Government starts third and final part of PC super system review

The Government has started the third and final part of the Productivity Commission’s review of the efficiency and competitiveness of the superannuation system.

“The Turnbull Government has taken further action to ensure Australia’s superannuation system is as efficient and competitive as possible with the release of the Terms of Reference for the Productivity Commission’s system wide review,” said a joint statement by Treasurer Scott Morrison and Minister for Revenue and Financial Services Kelly O’Dwyer.

This third part of the review will build on the previous two inquiries into how to assess the competitiveness and efficiency of the super system and alternative models for setting default funds. The final report for assessing the super system was completed in November 2016 and the final alternative default super models report is due to be given to Government in August 2017.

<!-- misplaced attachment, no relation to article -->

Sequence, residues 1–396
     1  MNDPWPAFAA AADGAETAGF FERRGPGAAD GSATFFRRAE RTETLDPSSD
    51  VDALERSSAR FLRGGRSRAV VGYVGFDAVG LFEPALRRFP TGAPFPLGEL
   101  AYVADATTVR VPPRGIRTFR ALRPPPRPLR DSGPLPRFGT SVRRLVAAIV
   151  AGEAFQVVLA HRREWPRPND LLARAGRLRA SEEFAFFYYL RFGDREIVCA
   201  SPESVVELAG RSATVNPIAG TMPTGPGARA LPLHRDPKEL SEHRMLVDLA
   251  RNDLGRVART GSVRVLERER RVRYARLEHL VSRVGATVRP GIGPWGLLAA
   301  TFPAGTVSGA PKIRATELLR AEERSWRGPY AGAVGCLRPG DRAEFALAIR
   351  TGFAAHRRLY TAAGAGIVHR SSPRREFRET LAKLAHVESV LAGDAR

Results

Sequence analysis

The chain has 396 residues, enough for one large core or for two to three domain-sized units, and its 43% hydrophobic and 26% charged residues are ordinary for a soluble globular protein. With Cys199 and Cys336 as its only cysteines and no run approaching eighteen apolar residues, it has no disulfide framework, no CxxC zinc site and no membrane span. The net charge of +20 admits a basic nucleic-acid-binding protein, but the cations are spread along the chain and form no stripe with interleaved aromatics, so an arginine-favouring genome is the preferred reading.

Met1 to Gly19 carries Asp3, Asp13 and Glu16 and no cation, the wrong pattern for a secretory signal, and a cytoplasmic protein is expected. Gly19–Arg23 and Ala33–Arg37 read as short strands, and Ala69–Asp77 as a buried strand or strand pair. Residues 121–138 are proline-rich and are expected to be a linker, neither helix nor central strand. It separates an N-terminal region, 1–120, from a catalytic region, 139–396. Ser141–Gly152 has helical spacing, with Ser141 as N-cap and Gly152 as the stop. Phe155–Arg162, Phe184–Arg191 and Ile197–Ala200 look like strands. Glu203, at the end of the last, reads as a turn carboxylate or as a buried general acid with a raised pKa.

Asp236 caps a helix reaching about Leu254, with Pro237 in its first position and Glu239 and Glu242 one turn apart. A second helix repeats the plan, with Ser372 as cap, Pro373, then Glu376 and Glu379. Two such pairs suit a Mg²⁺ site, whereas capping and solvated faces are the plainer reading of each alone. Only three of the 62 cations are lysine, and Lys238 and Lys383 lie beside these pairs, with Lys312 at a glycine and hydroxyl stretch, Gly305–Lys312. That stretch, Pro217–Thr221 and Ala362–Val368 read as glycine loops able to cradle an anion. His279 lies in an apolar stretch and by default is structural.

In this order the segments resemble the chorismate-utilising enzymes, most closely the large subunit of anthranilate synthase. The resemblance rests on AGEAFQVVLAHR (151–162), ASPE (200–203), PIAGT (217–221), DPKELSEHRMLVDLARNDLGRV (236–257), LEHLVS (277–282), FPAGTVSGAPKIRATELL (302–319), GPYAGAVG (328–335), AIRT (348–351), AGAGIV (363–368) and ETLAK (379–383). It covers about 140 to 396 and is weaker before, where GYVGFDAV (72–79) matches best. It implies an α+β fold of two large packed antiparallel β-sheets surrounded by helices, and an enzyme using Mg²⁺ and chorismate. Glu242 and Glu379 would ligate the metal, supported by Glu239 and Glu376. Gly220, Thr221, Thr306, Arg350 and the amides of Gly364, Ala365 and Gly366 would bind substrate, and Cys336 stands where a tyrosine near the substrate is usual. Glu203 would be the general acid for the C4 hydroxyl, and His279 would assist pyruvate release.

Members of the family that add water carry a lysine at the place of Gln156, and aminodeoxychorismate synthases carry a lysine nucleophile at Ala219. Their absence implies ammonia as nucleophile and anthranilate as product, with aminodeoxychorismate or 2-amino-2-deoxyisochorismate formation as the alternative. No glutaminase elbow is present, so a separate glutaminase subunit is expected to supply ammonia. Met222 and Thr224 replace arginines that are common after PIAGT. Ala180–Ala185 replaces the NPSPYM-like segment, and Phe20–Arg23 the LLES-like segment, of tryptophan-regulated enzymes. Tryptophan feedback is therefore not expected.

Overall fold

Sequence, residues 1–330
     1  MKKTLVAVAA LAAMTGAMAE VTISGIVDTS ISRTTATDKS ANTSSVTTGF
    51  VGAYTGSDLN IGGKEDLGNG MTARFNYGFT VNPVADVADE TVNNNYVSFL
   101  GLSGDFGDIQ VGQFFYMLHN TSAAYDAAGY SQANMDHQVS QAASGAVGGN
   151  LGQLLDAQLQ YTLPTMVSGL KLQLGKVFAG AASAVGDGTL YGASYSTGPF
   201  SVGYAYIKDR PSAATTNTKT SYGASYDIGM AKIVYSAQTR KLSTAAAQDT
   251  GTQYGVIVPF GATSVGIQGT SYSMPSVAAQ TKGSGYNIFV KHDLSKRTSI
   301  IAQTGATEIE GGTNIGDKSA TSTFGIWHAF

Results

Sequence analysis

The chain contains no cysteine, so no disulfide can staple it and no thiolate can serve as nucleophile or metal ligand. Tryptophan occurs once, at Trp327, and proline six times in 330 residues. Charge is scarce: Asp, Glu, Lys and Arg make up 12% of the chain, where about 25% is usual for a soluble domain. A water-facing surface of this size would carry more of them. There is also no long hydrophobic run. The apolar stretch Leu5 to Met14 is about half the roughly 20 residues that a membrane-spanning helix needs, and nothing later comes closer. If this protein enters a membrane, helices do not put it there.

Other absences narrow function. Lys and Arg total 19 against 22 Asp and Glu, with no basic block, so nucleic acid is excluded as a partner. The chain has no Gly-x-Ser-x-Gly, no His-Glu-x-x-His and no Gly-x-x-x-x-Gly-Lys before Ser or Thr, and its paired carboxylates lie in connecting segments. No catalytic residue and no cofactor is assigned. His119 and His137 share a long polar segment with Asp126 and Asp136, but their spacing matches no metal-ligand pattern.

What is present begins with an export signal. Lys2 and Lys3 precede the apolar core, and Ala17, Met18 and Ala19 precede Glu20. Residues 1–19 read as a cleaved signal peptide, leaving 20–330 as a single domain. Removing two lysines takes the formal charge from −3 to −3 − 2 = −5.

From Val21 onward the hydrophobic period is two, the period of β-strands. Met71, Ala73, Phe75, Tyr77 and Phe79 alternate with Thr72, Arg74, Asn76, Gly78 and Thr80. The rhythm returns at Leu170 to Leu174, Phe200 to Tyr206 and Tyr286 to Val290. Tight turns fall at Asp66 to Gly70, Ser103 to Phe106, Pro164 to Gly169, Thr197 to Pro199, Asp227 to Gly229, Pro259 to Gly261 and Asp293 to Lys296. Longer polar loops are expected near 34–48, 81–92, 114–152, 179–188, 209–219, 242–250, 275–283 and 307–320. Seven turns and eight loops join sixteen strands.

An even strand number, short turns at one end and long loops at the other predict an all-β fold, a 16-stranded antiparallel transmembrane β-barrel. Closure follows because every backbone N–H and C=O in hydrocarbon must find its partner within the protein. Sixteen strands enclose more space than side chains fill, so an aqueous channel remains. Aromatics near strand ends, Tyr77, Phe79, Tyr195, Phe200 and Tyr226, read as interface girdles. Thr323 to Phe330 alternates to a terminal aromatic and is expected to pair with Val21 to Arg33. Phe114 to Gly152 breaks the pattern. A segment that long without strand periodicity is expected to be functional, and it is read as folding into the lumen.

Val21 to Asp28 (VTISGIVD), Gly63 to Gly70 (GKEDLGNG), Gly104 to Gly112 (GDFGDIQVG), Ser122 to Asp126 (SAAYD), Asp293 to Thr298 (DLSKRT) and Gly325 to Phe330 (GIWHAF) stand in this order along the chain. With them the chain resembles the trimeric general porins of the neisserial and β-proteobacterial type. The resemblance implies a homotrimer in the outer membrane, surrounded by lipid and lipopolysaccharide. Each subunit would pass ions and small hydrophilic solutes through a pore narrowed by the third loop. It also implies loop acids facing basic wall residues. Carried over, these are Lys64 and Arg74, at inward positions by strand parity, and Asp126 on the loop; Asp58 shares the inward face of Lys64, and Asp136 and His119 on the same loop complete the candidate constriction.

“The Government has asked the Productivity Commission to complete the review within 12 months to provide the early provision of the evidence base for future reforms to the superannuation system, with a draft report to be provided to the Government by the end of January 2018,” said the joint statement.

The Terms of Reference say: “The Commission is to assess the efficiency and competitiveness of Australia’s superannuation system and make recommendations to improve outcomes for members and system stability. The Commission is to also identify, and make recommendations to reduce, barriers to the efficiency and competitiveness of the superannuation system.”

The Productivity Commission plans to produce an issues paper, followed by a draft report in January 2018 and a final report by June 2018.

The joint statement from Morrison and O’Dwyer said: “The Turnbull Government will continue its reform agenda in 2017 by progressing legislation to deliver higher standards of accountability and transparency for superannuation funds to ensure Australians can have confidence in the superannuation system.”

This likely refers to the delayed changes to the governance of large superannuation funds, changes to super fund choice rules and fund disclosure requirements.

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